There are reasons why Delphi is not C++ (via: Entropy Overload: One-liner RAII in Delphi)
Posted by jpluimers on 2012/06/06
There was a nice short discussion on Entropy Overload where Ivan Levanshew seemed to want to be Delphi way more C++ and Barry Kelly explains why Delphi isn’t C++.
Both Delphi and C++ are great languages, but both have weaknesses too. It is good that their individual strengths complement each other, and their weaknesses don’t crossover too much.
Ivan Levashew said…
It’s XE2 now, and there is still no proper RAII despite Delphi runtime already having all the required functionality for years. Variants copying and destruction is an example.
It’s a pity.
I can’t understand why can’t I declare record destructors and copying constructors. Interfaces and variants have a drawback: they are not initialized at all. I mean, I’d like to write MyEntity.MyFunction without ensuring that MyEntity has been initialized properly.
I have to wrap interface into record and use record methods that forward my requests to the interface field. They also initiallize this field on first access and invoke EnsureUnique on every subsequent accesses.
For me this is in the category “Be careful what you wish for, you may receive it”, so I was glad that Barry answered this:
Barry Kelly said…
Ivan: I don’t think a free-for-all on copy constructors, assignment operators and friends like in C++ would be a positive development at all.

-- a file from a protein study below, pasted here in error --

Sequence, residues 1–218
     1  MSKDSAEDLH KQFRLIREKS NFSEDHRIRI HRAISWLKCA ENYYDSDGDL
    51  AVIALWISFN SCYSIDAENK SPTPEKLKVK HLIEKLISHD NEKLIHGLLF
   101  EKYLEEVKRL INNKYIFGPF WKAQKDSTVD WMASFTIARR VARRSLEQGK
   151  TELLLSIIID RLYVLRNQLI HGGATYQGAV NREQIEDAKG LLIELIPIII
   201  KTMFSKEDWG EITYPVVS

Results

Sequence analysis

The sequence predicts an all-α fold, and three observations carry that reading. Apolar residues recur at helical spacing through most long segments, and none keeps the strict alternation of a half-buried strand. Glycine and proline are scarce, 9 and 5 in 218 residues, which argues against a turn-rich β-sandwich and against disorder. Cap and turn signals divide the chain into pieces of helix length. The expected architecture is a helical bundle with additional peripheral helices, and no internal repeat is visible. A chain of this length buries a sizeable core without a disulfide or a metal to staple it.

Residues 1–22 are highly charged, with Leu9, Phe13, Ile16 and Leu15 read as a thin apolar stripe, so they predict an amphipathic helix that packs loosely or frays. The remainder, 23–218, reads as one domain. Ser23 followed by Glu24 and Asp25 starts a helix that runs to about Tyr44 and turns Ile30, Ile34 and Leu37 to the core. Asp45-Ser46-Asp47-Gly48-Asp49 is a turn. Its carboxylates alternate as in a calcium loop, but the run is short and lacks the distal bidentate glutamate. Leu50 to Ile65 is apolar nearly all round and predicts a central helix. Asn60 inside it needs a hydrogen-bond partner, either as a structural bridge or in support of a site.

It opens up too much of the underlying mechanics of the compiler. Very low level semantics around when and where exactly copies get created and destroyed become exposed and get depended on. People get upset at lack of optimizations on one hand (e.g. redundant copies, long a problem in C++), and unpredictable user code execution on the other (C++ exception safety woes). It’s very difficult – far too difficult – to write correct semantics for making a value type work properly in all situations. So I’m reluctant to support anything much more complicated than compiler help for reference counting.
You complain about not being able to ensure MyEntity has been initialized properly; I presume you mean default constructors. I think they are a terrible idea, for any value of default construction other than zero initialization. The issues around creating arrays of the things (needing to keep track of how far construction got), how objects get initialized, handling exceptions in the default constructor, leads to horrific abominations like C++ constructor and function exception handlers.